Hurricane Michael has matured, developed an eye, and is gathering strength as it churns on a direct path towards the Florida Panhandle.
National Hurricane Center scientists expect the storm to strike land on Wednesday as a major storm, with winds greater than 110 mph, making it at least a Category 3 hurricane.
There’s now almost nothing holding back the storm from further intensification as it approaches land, bringing not just destructive winds but perilous surges of ocean water into the Florida and Alabama coasts.
“Hurricane Michael is primed for additional strengthening prior to landfall because the key players in the atmosphere and ocean are all conducive for it,” Brian McNoldy, a storm researcher at University of Miami’s Rosenstiel School of Marine and Atmospheric Science, said over email.
One of these key players is wind shear, which are winds that hit hurricanes at their sides and weaken, or sometimes kill, the tempests. Without these winds, there’s little threatening Michael’s stable, cyclone-like form.
“That helps the storm remain intact, upright, and symmetric,” said McNoldy.
By fall, these hurricane-threatening winds often pick up in the Gulf, Falko Judt, a research meteorologist at the National Center for Atmospheric Research, said in an interview.
But not this year. “This is unusual,” noted Judt.
A second influential factor is the warm waters in the Gulf of Mexico. Hurricanes feed off of the bath-like temperatures of sea surface waters. Without these warm waters, they couldn’t even form, nor sustain themselves.
And in the Gulf right now, even as the waters begin to gradually cool as fall sets in, they’re still plenty warm.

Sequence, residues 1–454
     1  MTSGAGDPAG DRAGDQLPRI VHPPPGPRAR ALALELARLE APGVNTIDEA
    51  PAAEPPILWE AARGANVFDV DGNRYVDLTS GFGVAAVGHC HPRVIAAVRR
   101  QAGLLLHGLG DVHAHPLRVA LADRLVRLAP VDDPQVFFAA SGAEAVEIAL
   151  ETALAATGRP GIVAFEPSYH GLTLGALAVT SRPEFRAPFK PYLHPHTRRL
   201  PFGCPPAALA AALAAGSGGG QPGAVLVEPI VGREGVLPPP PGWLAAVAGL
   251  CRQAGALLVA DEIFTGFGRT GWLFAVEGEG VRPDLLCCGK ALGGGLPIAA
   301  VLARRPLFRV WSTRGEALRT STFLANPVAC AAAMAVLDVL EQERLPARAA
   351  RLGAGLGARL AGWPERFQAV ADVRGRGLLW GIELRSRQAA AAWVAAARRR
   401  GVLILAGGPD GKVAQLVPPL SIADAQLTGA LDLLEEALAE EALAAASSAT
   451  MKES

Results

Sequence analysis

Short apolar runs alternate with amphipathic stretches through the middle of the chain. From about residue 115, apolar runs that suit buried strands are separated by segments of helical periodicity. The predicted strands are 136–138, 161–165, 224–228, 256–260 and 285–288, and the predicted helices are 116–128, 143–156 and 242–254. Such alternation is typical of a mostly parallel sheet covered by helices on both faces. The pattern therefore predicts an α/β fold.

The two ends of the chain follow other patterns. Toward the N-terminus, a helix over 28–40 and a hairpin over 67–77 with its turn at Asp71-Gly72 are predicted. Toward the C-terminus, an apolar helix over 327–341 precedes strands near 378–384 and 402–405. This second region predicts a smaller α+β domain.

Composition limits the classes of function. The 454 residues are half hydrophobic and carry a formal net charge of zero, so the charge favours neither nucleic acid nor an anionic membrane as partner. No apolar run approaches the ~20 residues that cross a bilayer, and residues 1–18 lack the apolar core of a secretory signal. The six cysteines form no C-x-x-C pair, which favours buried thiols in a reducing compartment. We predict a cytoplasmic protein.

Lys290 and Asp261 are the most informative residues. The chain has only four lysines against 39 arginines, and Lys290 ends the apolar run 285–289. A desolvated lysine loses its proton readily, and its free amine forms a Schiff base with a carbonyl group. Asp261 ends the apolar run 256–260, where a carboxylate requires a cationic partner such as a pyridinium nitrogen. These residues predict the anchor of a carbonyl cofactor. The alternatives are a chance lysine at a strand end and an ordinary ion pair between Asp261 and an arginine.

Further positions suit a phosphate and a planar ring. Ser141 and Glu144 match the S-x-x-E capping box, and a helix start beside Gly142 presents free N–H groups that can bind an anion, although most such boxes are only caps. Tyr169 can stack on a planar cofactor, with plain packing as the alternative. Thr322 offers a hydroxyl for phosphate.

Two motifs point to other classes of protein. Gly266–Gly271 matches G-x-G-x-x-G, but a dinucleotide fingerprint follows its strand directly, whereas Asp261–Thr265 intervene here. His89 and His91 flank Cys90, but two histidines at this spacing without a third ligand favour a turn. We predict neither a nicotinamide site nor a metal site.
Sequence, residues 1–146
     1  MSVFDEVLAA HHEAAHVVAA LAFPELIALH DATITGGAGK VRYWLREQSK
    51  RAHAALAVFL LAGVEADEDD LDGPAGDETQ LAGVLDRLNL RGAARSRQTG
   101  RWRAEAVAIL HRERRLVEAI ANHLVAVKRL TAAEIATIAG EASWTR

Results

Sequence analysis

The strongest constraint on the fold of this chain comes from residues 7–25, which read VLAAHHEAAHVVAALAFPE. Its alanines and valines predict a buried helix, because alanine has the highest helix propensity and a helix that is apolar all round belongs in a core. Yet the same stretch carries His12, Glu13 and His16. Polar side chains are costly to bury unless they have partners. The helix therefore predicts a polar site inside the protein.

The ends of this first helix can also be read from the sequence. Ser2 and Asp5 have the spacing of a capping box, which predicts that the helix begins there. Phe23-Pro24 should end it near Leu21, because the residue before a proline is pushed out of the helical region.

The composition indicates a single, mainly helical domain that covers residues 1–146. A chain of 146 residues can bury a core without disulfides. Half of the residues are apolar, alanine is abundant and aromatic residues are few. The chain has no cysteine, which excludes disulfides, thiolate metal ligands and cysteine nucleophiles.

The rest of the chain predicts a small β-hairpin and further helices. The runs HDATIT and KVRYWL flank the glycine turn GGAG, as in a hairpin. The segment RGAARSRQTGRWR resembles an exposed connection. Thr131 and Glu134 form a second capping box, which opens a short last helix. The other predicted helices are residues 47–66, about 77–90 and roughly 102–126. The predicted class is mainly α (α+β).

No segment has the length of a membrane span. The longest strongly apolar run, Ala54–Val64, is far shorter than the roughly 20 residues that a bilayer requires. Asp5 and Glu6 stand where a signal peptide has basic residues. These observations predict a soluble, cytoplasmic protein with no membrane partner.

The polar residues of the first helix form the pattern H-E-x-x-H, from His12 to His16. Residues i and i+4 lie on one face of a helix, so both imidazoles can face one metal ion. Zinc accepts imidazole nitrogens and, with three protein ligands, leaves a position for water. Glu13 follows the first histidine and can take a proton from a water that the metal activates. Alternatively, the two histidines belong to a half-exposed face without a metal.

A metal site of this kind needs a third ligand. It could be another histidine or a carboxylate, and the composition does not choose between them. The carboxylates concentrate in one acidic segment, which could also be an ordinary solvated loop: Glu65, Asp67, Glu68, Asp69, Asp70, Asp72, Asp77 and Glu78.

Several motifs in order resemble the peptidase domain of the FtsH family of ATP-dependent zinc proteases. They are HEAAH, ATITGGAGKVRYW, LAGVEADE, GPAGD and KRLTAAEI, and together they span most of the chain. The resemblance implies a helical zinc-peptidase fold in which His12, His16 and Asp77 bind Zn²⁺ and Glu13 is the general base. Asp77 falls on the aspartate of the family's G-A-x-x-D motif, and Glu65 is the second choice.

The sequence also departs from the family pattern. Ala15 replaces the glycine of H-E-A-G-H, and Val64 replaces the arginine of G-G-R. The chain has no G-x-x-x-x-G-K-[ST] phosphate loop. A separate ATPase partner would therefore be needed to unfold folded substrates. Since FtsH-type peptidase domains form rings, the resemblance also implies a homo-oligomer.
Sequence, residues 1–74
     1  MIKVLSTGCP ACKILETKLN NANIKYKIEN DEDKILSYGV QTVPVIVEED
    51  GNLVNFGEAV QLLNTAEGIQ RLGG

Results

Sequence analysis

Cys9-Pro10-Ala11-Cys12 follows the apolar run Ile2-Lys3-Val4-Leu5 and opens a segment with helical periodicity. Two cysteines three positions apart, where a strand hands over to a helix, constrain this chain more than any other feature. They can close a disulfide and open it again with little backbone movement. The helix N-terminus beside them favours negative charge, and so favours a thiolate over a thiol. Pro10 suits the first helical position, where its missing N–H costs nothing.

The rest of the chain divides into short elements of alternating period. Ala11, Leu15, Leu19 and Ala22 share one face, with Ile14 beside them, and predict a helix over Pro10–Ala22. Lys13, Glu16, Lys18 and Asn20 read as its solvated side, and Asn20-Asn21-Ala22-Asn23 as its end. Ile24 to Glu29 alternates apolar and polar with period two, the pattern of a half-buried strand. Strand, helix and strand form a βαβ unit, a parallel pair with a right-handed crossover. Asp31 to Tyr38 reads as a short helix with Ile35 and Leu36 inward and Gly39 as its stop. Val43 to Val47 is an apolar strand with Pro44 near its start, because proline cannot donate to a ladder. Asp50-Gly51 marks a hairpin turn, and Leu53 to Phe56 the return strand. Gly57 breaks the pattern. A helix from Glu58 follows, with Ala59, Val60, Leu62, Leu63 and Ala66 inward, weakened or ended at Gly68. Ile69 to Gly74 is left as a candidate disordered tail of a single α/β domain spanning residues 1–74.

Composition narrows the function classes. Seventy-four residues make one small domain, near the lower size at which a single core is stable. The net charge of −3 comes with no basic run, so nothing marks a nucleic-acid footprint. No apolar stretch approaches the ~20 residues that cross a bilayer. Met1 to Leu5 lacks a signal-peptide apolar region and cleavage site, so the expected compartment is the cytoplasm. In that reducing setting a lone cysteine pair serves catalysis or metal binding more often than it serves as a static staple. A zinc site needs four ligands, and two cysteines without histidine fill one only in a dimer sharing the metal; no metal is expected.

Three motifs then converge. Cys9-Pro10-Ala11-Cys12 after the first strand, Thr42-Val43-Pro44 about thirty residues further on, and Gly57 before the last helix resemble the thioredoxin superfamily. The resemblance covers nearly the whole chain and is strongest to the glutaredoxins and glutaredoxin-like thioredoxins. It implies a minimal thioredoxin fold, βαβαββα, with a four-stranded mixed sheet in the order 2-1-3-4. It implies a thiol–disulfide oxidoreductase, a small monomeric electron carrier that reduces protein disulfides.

“It’s always warm there,” said Judt.
Lastly, there are no masses of dry air in the lower or middle portions of the atmosphere where Hurricane Michael is headed, said McNoldy. A hurricane’s thunderstorms need moisture to fuel their activity, but when storms suck up dry air, they threaten to “wrap into the circulation and choke off the thunderstorm activity,” said McNoldy.
But Michael has mostly moist air ahead.
The storm poses a particularly severe threat to the Florida coast — places like Panama City and Apalachicola — as well as inland Tallahassee, because the storm is not expected to weaken much as it approaches land.
“Usually they weaken before they hit land,” said Judt. “The models are predicting this will not weaken before landfall, which would be very unusual.”
The question of why storms typically weaken as they approach land “is still an open science question,” noted Judt. Some scientists have proposed drier air from nearby land can temper the storms. But as of Tuesday, any such weakening isn’t in the cards for Michael.
If Michael follows its expected course, it will become just the fourth major hurricane to hit the Florida panhandle since 1950.